This is going to be a little different to most of my blog posts, I usually try to share some snippets of code or explain something technical, this time I’ll be writing about my thoughts on development and business.
I’ve been doing web development professionally for almost 10 years, from back in 2006 when I was younger and inexperienced to now as the lead developer in a diverse and ever changing development team.
During this time I have also freelanced or been self employed and worked with clients directly (I’ve also studied Business, Business Management and Legal Studies for 5 years in total), there is a pattern I’ve seen over the last 9 years with developers that seems to be quite universal. The pattern is that developers usually strive for perfection, we are proud people and we want to deliver the best as well as learn and expand, we want to refactor, we want to try the latest tech, we maybe even want to reinvent the wheel or maybe we’re just comfortable and like to keep at a steady pace.
I’m the type of developer (as well as many others I have worked with) who maybe strive for perfection, maybe we’ve spent some time learning new skills, doing new courses or checking out the latest thing on github. We’re not happy doing the same job over and over (i.e. WordPress), we like a challenge and we like to think about everything.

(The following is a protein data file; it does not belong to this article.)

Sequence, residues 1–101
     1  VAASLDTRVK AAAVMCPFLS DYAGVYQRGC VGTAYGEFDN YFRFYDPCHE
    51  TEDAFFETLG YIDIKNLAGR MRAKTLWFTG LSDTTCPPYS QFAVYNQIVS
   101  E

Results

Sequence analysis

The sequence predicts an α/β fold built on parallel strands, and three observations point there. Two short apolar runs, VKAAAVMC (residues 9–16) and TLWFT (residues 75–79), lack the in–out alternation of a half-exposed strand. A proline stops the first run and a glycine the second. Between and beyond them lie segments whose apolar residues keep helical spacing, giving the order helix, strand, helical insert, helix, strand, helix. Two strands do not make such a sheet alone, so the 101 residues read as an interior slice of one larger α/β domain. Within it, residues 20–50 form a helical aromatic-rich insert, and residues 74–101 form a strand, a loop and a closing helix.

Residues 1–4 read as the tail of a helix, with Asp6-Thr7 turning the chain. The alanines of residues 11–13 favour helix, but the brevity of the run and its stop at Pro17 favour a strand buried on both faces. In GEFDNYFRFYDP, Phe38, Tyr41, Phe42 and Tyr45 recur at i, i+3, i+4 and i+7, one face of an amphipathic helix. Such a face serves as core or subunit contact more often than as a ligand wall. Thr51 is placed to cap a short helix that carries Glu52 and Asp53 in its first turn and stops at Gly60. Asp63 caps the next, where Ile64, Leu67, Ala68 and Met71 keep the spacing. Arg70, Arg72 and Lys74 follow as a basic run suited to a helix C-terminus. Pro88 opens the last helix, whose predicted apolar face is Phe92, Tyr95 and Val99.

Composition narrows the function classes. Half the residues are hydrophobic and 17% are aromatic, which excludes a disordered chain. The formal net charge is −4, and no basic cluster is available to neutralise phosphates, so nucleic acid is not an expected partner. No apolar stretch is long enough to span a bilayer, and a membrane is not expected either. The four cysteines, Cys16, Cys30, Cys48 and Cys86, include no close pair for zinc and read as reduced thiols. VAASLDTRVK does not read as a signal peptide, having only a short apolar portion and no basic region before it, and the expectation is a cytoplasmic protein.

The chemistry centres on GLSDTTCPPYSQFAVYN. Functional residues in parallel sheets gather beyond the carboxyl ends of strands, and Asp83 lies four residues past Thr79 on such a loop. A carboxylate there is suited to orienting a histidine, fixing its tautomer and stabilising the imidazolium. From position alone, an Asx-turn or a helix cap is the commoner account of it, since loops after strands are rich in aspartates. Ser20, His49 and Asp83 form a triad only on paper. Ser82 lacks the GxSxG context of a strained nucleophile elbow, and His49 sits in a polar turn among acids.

You have a nice custom job to work on, you’ve been able to pick an MVC framework to work with that fits the job nicely and you know what is needed as well as the timeline and revenue coming in. It can be hard for “the hungry developer” to not start getting carried away, let’s install React.js, maybe we can integrate a nice migration system, I’m going to spend a couple hours adding a test suite and writing scripts to generate data and test our methods. All of this is great in the development world, the more we do the more solid and perfect the end product is, the more time we spend doing the best we can – something people would be impressed with (under the hood), the more proud we are and the more we learn and improve.
My issue with this comes with the business standpoint, and it’s an ever-conflicting one for me. If you give me an infinite budget and infinite timeline, rest assured the end product is going to be the very best I can ever make it, but when you work for an agency or you work to a set budget you have to restrain yourself.
If a client is spending £6,000 for a front facing website and CMS, we need to deliver that at a cost under £6,000 to make a profit. We sell time, everybody in this industry sells time. When the hungry developer gets carried away and spends 30 minutes here, 2 hours there, 6 hours here to create something great, we may end up delivering a £12,000 project for £6,000.
Myself personally, I am a perfectionist, everything has to be consistent. I may not have the best conventions, but whatever my convention is or however I do it, rest assured it’s consistent, well documented and it’s DRY (Don’t repeat yourself). It’s an interesting conversation for me, where do you draw the line between perfection/quality and scope?
I’m fortunate enough to work for an agency with the most rigorous and high standards of quality control, when the job is done and ready for go-live, it has to be to our standard. We never knowingly release a project without it passing our checks, and that’s not to say bugs don’t appear or there won’t be issues, but the company I work for care about the clients as well as their own business – that’s why I accepted their job offer and refuse subsequent offers I receive from recruiters.
Where do you draw the line?